Finding Your Place in High School

828 WordsJun 23, 20184 Pages
“Why fit in when you can stand out?” You have been told this your whole life. But whose responsibility is it to find out where you fit in, yours? Or your peers? Your adolescent years are all about trying to not stand out, and trying just as hard to fit in with the “in crowd.” You use more energy trying to “fit in,” instead of just spending all your energy on being who you really are. A group of friends are suppose to have things in common, but that is hard when everyone is putting up a fake persona. It is the student body’s responsibility to make sure that everyone has a place they can fit in and be themselves. People spend their whole lives trying to “fit in,” while the people who “stand out” are the ones who become something. Think…show more content…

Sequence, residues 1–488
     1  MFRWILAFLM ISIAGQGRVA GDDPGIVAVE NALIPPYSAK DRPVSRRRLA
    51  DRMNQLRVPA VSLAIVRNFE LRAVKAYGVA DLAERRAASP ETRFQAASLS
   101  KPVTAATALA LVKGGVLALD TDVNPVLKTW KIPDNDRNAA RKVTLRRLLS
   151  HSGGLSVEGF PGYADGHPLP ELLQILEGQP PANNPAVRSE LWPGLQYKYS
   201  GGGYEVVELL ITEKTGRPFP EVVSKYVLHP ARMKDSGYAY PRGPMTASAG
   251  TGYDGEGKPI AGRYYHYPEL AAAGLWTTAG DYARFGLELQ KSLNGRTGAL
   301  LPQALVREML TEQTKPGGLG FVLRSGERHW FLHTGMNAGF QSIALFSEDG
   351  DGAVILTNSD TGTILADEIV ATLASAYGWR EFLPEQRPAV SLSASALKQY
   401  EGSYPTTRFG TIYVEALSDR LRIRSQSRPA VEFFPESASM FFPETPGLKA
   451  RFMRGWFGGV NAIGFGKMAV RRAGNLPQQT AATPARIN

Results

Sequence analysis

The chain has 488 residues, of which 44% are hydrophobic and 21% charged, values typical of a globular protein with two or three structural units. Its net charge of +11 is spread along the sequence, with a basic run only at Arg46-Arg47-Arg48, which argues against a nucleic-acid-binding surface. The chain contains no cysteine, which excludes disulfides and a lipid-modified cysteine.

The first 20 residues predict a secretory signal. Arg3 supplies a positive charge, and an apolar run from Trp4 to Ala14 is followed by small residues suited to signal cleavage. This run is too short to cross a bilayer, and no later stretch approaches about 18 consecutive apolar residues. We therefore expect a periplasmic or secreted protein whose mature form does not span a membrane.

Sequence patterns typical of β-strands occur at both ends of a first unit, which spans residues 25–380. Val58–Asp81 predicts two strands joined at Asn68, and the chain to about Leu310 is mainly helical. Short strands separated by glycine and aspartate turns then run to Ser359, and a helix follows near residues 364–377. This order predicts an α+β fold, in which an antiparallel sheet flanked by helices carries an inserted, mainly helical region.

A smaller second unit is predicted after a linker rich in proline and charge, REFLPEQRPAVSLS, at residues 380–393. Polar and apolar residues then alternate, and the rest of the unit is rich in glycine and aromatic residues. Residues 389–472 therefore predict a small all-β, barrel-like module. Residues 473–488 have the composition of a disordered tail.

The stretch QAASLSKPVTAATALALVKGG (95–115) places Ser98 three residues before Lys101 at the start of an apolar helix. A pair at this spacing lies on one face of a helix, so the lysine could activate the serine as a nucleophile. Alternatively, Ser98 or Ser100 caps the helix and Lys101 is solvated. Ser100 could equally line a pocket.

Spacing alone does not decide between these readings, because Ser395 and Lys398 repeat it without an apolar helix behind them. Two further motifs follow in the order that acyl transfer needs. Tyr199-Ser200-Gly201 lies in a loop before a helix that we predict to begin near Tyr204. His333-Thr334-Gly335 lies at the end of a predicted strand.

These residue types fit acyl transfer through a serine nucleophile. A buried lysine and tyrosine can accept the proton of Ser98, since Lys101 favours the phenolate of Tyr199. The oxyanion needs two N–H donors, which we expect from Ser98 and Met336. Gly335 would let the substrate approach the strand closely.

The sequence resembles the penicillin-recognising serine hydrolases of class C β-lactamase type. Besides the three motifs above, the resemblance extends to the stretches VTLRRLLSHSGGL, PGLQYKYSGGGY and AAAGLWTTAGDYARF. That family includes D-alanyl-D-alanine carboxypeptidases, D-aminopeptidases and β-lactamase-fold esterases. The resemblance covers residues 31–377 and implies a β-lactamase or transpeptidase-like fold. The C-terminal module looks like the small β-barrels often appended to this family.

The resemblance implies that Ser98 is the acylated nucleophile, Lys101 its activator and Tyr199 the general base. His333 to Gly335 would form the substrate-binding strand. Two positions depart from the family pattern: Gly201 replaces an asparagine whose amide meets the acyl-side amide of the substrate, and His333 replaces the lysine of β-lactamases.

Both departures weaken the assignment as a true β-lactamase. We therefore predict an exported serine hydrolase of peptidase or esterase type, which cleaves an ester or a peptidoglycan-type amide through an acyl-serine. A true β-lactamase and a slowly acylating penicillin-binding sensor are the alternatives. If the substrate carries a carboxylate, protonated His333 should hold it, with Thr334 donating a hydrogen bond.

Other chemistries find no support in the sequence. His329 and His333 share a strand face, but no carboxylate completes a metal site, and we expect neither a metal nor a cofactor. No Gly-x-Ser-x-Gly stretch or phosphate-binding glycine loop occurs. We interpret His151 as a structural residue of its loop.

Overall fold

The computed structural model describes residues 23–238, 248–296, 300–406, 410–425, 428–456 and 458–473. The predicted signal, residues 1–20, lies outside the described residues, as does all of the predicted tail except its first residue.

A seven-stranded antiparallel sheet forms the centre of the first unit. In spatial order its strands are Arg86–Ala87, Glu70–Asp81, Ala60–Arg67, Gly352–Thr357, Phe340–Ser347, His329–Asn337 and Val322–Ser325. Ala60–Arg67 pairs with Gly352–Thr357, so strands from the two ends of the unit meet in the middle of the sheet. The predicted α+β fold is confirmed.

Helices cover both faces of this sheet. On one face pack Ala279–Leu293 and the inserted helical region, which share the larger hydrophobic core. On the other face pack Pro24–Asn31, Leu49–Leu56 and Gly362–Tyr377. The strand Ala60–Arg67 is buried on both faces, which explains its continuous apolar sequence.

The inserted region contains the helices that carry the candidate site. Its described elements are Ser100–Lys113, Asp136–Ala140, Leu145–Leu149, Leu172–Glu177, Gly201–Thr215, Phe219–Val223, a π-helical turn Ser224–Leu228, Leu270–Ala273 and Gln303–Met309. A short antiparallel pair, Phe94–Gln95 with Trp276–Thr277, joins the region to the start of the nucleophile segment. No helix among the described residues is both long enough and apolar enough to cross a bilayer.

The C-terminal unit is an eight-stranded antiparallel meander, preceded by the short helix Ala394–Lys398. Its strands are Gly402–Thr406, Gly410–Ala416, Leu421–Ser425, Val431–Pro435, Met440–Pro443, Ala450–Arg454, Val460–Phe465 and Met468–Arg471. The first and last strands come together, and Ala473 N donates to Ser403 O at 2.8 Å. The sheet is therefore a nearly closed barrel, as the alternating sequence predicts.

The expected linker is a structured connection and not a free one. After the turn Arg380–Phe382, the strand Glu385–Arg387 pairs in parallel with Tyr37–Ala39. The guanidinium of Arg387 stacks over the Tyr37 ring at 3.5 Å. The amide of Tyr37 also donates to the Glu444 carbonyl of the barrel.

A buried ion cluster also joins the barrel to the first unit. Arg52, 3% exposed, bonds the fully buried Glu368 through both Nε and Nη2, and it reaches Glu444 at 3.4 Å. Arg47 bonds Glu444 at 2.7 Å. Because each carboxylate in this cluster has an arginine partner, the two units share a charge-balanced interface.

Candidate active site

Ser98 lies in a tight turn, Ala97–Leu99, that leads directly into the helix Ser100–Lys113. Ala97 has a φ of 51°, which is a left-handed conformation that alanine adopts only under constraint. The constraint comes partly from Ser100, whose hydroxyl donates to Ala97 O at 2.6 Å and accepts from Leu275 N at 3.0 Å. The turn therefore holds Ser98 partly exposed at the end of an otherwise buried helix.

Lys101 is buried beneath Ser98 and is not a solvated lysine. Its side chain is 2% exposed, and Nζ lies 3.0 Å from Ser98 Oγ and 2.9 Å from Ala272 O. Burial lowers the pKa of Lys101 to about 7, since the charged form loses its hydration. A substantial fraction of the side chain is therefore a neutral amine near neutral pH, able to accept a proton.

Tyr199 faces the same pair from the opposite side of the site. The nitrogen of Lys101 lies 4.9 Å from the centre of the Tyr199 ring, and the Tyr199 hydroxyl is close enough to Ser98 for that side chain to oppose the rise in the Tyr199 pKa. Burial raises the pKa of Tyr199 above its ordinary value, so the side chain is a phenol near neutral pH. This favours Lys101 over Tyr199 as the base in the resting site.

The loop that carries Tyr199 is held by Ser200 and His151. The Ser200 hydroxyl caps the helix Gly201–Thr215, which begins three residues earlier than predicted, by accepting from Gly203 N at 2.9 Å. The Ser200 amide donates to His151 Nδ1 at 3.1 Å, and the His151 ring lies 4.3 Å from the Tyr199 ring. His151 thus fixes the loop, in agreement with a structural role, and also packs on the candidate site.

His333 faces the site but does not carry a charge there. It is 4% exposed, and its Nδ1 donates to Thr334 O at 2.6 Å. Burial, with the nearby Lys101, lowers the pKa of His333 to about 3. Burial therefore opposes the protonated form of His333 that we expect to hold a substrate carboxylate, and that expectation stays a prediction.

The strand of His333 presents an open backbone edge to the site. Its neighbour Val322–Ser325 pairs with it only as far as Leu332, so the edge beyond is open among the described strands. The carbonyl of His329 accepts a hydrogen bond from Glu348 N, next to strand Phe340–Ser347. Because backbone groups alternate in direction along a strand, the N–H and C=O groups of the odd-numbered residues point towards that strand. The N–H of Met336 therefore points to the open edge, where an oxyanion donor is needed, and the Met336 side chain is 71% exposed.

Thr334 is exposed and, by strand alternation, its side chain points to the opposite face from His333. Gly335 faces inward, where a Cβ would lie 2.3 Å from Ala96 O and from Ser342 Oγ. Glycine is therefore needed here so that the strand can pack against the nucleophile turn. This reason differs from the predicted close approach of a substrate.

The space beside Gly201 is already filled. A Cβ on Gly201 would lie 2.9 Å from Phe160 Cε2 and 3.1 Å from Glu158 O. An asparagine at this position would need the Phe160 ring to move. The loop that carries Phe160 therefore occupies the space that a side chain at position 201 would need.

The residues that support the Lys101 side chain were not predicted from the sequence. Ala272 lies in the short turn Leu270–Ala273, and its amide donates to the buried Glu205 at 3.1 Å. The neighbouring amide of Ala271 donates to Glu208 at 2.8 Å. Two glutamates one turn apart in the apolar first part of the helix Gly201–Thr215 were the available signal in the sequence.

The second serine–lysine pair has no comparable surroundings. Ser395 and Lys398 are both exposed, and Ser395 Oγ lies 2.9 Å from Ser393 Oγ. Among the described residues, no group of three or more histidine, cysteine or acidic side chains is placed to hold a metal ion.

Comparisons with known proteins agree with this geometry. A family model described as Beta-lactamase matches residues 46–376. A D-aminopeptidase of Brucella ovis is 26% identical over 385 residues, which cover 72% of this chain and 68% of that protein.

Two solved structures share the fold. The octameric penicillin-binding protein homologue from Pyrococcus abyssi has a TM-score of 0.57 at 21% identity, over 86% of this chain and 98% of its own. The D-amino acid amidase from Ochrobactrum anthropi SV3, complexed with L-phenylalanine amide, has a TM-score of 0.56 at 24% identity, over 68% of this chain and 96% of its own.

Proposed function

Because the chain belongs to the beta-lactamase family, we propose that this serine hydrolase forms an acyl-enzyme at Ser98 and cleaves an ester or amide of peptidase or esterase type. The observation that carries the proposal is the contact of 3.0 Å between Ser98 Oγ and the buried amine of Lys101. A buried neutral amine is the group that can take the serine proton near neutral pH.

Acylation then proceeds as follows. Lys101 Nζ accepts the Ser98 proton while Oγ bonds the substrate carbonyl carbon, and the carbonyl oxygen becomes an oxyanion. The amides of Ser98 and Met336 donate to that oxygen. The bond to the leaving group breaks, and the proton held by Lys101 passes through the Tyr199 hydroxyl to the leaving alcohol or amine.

They are to busy trying to be someone they are not. During his poetry reading Shane Koyczan argues, “We are expected to define ourselves and if we did not do it others would do it for us,” (Shane Koyczan). If you waste all this energy trying to fit in with the “in crowd,” then where is the energy used to find yourself? In high school, if you let kids define who you are then you are their robot. You are no longer yourself, you are a programmed version of what they want you to be. In Kindergarten, you become friends with people who have the same kind of markers as you, or the kid that has your favorite power ranger on their shirt. You actually have things in common, you do not become friends with them just because you think they are “popular.” As the years go on this theory starts to diminish. Unlike Kindergarten you start to differentiate between the kids who are “popular” and the kids who want to be “popular.” Most of the time the kids who are popular actually do not have that much in common with each other. They put on these fake personas to make it look like they are all perfect and have so much in common. When in reality they are all strangers to each other. Over this past year, I have learned that I really do not have anything in common with half of my friends. I did not realize it because we were always suppose to be friends, thats just how it went. Growing up we were always considered the “in crowd,” and so we all just kind of stayed together
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